Zoo Babies: Winter 2018 »
Check out the cutest newborns from zoos around the country and learn where you can see them.
1659 E Los Angeles AveSimi Valley, CA 93065
Check out the cutest newborns from zoos around the country and learn where you can see them.
From vacation ideas to gardening preparation, check out our September checklist to enjoy the rest of summer and get ready for fall.
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We've taken several cats to Dr. Ron's Animal Hospital. One of our cats had been found on the street and needed various tests and treatments before being able to interact with our other cats. The Veterinarian and Vet Tech's were very helpful and friendly during this encounter. They were able to squeeze us in without an appointment in the late evening. We took another cat here with chronic end of life disease who received great care until she passed away.Recently we found an adorable, abandoned kitten in the street and were unable to home another cat at our house. We were afraid of taking the six week old kitten to an animal shelter that might euthanize her. I called Dr. Ron's Animal Hospital and they had room to shelter the kitten until she became old enough to adopt. I've never seen a veterinarian office look to help with this kind of situation so quickly and that's what convinced me to finally write this review.I think Dr. Ron's Animal Hospital provides a great service to the community by having such extended hours, providing great service and even helping a poor, abandoned kitten when they have the resources to shelter one. I am convinced that a large number of the negative reviews left for Dr. Ron's are affiliated with competing veterinarians and may not be valid reviews.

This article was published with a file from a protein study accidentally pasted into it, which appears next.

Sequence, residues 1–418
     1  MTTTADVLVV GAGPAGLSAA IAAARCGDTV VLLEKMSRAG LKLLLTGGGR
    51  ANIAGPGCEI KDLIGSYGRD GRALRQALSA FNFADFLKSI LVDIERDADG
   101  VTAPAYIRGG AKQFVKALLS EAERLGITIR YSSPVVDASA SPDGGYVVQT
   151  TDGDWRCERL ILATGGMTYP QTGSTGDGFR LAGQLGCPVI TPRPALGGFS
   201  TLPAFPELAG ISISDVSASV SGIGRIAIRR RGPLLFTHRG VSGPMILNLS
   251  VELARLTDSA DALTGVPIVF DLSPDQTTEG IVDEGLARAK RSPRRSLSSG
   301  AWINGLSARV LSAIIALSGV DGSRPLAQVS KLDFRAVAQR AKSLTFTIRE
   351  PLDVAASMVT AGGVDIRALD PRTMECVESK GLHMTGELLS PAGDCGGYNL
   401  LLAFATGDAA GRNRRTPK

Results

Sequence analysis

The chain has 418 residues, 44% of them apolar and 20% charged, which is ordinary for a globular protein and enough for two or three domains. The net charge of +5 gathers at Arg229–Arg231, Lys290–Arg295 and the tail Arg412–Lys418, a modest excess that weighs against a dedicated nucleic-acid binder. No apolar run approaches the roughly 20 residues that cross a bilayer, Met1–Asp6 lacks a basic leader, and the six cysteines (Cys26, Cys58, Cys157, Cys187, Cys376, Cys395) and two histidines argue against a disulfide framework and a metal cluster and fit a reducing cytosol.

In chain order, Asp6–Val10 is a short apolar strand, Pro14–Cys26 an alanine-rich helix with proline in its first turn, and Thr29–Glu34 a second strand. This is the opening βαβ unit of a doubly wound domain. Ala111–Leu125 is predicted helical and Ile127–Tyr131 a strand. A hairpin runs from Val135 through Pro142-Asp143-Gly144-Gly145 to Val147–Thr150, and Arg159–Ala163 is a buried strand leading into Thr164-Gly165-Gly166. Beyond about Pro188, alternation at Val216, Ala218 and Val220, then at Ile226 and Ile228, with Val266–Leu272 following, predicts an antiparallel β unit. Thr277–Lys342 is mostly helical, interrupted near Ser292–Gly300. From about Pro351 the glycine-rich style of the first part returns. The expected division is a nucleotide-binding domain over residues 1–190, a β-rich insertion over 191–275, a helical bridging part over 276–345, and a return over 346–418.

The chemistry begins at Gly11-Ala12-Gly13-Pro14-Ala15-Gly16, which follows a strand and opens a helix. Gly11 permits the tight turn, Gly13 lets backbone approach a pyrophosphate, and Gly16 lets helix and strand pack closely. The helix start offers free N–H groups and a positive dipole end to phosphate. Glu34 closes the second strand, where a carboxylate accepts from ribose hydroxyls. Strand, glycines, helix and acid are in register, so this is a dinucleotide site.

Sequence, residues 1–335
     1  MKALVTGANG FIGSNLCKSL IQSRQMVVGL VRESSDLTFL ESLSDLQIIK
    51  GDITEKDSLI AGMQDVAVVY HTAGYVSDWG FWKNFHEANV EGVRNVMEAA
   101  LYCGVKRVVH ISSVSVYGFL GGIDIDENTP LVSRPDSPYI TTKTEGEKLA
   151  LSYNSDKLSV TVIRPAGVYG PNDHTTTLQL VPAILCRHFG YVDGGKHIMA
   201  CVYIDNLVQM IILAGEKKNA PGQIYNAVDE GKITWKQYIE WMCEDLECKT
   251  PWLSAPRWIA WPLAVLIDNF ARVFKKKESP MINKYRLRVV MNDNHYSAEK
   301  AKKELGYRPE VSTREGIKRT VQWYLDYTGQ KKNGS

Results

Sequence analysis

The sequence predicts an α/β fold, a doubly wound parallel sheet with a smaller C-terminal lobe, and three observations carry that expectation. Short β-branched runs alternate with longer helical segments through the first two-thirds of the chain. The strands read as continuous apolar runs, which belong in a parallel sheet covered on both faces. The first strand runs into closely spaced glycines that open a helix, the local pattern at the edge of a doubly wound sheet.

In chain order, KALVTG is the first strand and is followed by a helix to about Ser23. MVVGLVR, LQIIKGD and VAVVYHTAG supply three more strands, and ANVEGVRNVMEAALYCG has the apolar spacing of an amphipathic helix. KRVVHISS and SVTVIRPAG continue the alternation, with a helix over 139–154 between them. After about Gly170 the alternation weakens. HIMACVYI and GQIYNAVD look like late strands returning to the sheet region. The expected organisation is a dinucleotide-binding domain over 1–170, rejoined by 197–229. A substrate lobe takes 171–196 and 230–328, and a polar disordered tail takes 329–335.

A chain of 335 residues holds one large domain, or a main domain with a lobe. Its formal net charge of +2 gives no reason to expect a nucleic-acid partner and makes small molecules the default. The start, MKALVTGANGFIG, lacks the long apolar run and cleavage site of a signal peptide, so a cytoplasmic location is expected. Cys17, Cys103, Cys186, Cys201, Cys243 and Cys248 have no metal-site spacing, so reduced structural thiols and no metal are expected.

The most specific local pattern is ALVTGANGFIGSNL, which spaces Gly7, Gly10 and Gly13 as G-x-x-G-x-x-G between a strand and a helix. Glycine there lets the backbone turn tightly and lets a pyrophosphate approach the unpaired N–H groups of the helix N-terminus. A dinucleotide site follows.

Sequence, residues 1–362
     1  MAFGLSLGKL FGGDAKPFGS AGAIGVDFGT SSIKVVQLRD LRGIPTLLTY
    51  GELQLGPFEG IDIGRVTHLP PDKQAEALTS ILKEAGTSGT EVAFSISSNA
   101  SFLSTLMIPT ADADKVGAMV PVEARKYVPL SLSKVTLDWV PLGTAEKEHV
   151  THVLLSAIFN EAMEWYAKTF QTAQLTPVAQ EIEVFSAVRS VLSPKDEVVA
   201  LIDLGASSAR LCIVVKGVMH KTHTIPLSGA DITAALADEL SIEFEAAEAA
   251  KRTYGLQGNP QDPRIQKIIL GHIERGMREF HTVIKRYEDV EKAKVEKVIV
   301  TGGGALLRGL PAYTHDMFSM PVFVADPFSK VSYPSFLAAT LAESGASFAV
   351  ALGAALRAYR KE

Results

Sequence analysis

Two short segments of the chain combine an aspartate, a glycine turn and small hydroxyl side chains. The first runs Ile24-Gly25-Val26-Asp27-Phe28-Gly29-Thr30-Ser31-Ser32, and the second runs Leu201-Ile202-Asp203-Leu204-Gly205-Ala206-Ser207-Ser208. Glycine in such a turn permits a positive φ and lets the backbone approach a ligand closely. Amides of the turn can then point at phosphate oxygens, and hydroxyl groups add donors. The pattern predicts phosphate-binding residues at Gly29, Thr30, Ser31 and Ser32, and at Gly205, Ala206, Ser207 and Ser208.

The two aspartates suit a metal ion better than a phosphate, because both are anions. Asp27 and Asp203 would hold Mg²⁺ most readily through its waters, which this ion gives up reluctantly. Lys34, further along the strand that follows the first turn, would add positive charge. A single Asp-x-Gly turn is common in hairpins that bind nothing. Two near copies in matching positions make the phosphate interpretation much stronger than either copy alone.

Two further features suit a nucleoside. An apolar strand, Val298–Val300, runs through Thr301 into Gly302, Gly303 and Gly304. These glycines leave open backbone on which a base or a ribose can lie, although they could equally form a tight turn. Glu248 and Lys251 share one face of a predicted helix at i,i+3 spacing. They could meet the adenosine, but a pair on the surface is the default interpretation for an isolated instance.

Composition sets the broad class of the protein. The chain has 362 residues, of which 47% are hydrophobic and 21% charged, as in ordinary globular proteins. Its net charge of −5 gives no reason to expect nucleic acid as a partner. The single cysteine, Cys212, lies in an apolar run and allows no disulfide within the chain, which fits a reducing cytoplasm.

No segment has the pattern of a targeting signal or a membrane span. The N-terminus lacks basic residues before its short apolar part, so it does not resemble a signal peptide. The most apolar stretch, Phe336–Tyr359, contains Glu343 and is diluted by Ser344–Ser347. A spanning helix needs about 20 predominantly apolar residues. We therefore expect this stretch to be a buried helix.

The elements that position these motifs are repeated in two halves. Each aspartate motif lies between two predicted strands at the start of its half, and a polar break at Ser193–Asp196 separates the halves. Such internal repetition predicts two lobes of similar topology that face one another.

My parents brought their animals here, and now that i'm on my own, this is the only vet clinic I will take my pets. The staff is wonderful and courteous, and Ron is an amazing vet. They aways do their best to make services economical for their clients, while maintaining the best quality of care.
Overall I was completely satisfied with your service. I felt like I had V.I.P. service. I really like the online pet history & information. We do have four dogs which we will bring to you for their health needs. We dearly love them and want to give them the best. Thanks